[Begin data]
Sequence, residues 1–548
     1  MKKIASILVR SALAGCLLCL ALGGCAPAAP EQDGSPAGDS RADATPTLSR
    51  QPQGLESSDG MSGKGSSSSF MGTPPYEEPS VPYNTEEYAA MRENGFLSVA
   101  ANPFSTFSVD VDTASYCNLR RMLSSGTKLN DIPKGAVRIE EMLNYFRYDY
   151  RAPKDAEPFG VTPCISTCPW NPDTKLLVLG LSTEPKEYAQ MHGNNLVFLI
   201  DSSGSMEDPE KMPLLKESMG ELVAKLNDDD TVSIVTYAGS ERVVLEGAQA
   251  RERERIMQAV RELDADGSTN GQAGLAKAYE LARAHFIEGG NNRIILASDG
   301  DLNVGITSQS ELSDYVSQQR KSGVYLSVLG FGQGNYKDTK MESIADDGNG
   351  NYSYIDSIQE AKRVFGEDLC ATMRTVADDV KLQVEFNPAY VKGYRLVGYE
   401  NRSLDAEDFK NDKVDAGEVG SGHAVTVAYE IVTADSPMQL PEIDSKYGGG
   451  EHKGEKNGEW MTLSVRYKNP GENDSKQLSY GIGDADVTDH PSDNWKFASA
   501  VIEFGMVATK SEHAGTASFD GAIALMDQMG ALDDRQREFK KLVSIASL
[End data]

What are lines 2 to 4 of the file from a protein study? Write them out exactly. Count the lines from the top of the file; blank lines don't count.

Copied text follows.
     1  MKKIASILVR SALAGCLLCL ALGGCAPAAP EQDGSPAGDS RADATPTLSR
    51  QPQGLESSDG MSGKGSSSSF MGTPPYEEPS VPYNTEEYAA MRENGFLSVA
   101  ANPFSTFSVD VDTASYCNLR RMLSSGTKLN DIPKGAVRIE EMLNYFRYDY